Over the years, NATO members have presented and rolled out several plans for improving cyber-defense governance. Official commitments made at NATO summits on cyber security have become increasingly granular. One topic that government leaders have long avoided talking about, however, is their own willingness and capacity to conduct military cyber operations.
Times are changing. As one senior official put it at a military cyber conference: “Speaking at NATO about offensive cyber was blasphemy a few years ago. We have advanced”. Last year the Alliance reached a landmark that went largely unnoticed: there are now more member states which have publicly declared they are seeking to establish an offensive cyber capability than there are member states which have remained publicly silent on this issue. In late 2018, it was also announced that at least five countries would contribute national cyber forces to NATO missions and operations.
The coming days senior leaders will meet in London for the NATO Summit. Whilst I do not expect cyber policy to be a leading topic on the agenda (after all, there are bigger issues to worry about and space is now recognized as the newest domain of warfare by NATO), its a good opportunity to take stock of NATO’s cyber efforts over the past two decades.
Below I have provided an overview of evens between 2002-2019 & list of reading which I found particularly useful and relevant, preparing for NATO cyber-related events and workshops.
Period of early awareness 2002-2016
2002 Prague Summit: First time NATO recognize that the Alliance should “Strengthen our capabilities to defend against cyber attacks.
2008 Bucharest Summit: Adoption ‘Policy on Cyber Defense’
Aim is to “protect key information systems in accordance with their respective responsibilities; share best practices; and provide a capability to assist Allied nations, upon request, to counter a cyber attack. We look forward to continuing the development of NATO’s cyber defence capabilities and strengthening the linkages between NATO and national authorities.”
2014 Wales Summit: Discussion cyber in relation to Article 5
“Cyber attacks can reach a threshold that threatens national and Euro-Atlantic prosperity, security, and stability. Their impact could be as harmful to modern societies as a conventional attack. We affirm therefore that cyber defence is part of NATO’s core task of collective defence. A decision as to when a cyber attack would lead to the invocation of Article 5 would be taken by the North Atlantic Council on a case-by-case basis.”
Operationalizing cyber as a domain 2016 –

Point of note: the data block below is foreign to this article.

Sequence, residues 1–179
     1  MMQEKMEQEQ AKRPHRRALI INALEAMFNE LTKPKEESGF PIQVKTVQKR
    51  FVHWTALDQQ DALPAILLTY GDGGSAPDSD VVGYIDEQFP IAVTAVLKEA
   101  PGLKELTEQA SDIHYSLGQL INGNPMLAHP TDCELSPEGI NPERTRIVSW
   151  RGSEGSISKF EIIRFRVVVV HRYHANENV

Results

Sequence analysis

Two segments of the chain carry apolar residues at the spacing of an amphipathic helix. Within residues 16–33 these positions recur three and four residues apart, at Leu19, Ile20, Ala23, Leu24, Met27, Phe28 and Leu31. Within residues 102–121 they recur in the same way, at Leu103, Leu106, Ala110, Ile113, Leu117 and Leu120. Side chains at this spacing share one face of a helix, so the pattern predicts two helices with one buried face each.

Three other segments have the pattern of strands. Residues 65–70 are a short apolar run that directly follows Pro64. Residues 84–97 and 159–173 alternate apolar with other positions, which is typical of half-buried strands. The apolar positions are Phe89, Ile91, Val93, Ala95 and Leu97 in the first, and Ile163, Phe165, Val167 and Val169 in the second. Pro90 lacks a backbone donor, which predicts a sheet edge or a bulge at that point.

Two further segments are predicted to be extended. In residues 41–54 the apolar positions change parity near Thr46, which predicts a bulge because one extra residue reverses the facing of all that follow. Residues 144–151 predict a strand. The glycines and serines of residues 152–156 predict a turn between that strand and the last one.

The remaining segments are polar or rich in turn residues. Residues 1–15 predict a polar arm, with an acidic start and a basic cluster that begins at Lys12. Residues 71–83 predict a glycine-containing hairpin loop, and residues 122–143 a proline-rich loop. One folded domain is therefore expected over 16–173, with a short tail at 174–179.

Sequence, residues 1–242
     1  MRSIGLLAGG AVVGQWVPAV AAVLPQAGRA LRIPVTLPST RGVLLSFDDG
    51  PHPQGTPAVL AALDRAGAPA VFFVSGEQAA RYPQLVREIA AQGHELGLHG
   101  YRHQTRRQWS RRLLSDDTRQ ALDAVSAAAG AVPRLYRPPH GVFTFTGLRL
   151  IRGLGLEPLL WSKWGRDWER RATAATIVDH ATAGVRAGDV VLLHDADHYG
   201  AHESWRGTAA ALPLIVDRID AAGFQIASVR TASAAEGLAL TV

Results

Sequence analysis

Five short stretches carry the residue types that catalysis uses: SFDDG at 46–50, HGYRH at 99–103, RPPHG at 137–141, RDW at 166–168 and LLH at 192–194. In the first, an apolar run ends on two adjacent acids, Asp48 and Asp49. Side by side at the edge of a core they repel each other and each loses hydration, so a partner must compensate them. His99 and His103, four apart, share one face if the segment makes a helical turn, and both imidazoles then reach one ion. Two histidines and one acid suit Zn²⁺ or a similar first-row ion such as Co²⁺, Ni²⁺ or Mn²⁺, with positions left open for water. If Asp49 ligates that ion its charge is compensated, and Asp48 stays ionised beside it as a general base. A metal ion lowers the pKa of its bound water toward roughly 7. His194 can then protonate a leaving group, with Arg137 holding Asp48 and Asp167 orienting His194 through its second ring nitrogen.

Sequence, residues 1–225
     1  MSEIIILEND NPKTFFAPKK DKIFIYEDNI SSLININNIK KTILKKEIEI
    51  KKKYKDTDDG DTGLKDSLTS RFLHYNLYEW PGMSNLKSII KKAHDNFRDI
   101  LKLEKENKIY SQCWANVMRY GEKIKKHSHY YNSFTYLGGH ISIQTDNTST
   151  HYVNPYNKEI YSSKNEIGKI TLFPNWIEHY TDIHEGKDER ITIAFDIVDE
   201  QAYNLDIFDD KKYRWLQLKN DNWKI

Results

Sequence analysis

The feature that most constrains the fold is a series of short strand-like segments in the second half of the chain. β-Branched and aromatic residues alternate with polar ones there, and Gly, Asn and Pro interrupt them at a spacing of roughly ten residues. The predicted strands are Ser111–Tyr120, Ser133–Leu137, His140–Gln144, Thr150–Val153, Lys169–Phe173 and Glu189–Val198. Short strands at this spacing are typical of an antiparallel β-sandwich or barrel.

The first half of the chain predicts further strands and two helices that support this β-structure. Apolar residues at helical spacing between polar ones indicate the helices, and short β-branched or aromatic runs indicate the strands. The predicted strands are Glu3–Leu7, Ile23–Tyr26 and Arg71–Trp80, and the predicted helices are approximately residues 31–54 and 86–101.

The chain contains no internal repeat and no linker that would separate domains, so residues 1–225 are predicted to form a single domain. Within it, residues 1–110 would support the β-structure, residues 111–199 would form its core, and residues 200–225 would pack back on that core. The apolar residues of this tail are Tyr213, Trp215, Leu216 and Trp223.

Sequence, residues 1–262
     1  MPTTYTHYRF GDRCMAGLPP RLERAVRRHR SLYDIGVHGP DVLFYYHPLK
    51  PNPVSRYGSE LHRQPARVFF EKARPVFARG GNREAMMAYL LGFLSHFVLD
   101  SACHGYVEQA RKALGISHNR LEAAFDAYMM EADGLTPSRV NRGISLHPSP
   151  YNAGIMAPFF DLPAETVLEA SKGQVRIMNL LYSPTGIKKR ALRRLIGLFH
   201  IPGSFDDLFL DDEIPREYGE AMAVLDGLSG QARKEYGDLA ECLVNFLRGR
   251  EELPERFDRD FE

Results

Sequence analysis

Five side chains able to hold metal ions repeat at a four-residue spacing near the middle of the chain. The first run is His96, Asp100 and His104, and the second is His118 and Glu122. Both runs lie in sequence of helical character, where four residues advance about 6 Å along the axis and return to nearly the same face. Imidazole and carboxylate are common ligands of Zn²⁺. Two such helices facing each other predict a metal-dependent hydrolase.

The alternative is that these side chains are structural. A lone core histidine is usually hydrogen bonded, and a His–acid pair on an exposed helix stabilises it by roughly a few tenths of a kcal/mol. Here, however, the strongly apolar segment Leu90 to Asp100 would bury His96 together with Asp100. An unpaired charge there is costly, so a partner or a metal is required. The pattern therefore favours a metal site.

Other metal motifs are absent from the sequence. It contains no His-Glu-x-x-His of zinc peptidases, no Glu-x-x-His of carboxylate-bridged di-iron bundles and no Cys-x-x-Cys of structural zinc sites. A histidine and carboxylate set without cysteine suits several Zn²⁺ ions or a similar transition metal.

Warsaw Summit 2016 : cyberspace officially recognized as a domain of operations
Brussels Summit 2018: NATO reiterated its commitment to implement the cyber defense pledge & officially announced establishment Cyber Operations Center
Offering ‘Soveiregn Cyber Effects’
Latest news I found on this comes from Cyberscoop: “Nine NATO members have signed on to offer their capabilities: the U.S., the UK, The Netherlands, Estonia, Norway, Germany, France, Denmark, and Lithuania”
Laura Brent from NATO has written on this as well (generally great overview)
For a US perspective see Trey Herr and Jackie Schneider CFR piece.
Cyber Defense Pledge
Each member country pledges, among other things, to “develop the fullest range of capabilities to defend [their] national infrastructures and networks,” and reaffirms the alliance’s commitment to international law in cyberspace.
My view on this Pledge is that it still leaves most strategic questions unanswered. Eg. As I asked in a piece with Alex Grisby; “are information operations part of the Cyber Defense Pledge or is it conveniently bracketed off as something different (possibly part of Finland’s Hybrid Warfare Center)?”
Cyber Operations Center (CYOC)
There is a lot of hype about the CYOC. Retired U.S. Air Force Colonel Rizwan Ali, who helped to establish NATO’s cyber program, makes that case in a recent article in Foreign Policy that NATO has “embraced” a more “aggressive” stance with respect to “the use of cyber weaponry” when it recently established a Cyber Operations Center. Others argue that CYOC is a “big deal”
Best description about the goal and workings of CYOC is by Don Lewis in War on the Rocks (also read his discussion on NATO’s ‘Roadmap to Implement Cyberspace as a Domain of Operations’):
“The Cyberspace Operations Centre can leverage the strategic staff capabilities of the existing headquarters without having to provide them for itself, which also serves to hasten its development. The center functions as the theater component for cyberspace, just as the geographic commands do for their respective operational domains. The deputy chief of staff for cyberspace is supreme allied commander Europe’s domain advisor for cyberspace. The director of the Cyberspace Operations Centre reports to deputy chief of staff for cyberspace.”
Together with Daniel Moore, I have been critical about CYOC’s “game changing” role. Discussion can be found here – we certainly don’t believe it makes NATO “more aggressive” – and that’s a good thing.
Other NATO programs/institutions:
- The NATO School in Oberammergau, Germany
- The NATO Cooperative Cyber Defence Centre of Excellence in Tallinn, Estonia
- The NATO Computer Incident Response Capability (NCIRC) based in SHAPE, Mons
- The NATO Defence College in Rome, Italy
- The Trust Fund on Cyber Defence for Ukraine
Useful source for overview can be found here
Also, if you have a bit more time, read the excellent RAND report on ‘Operationalizing Cyberspace as a Military Domain‘
*Introduction of this blog is based on my CyCon 2019 piece ‘NATO Members’ Organizational Path Towards Conducting Offensive Cyber Operations: A Framework for Analysis’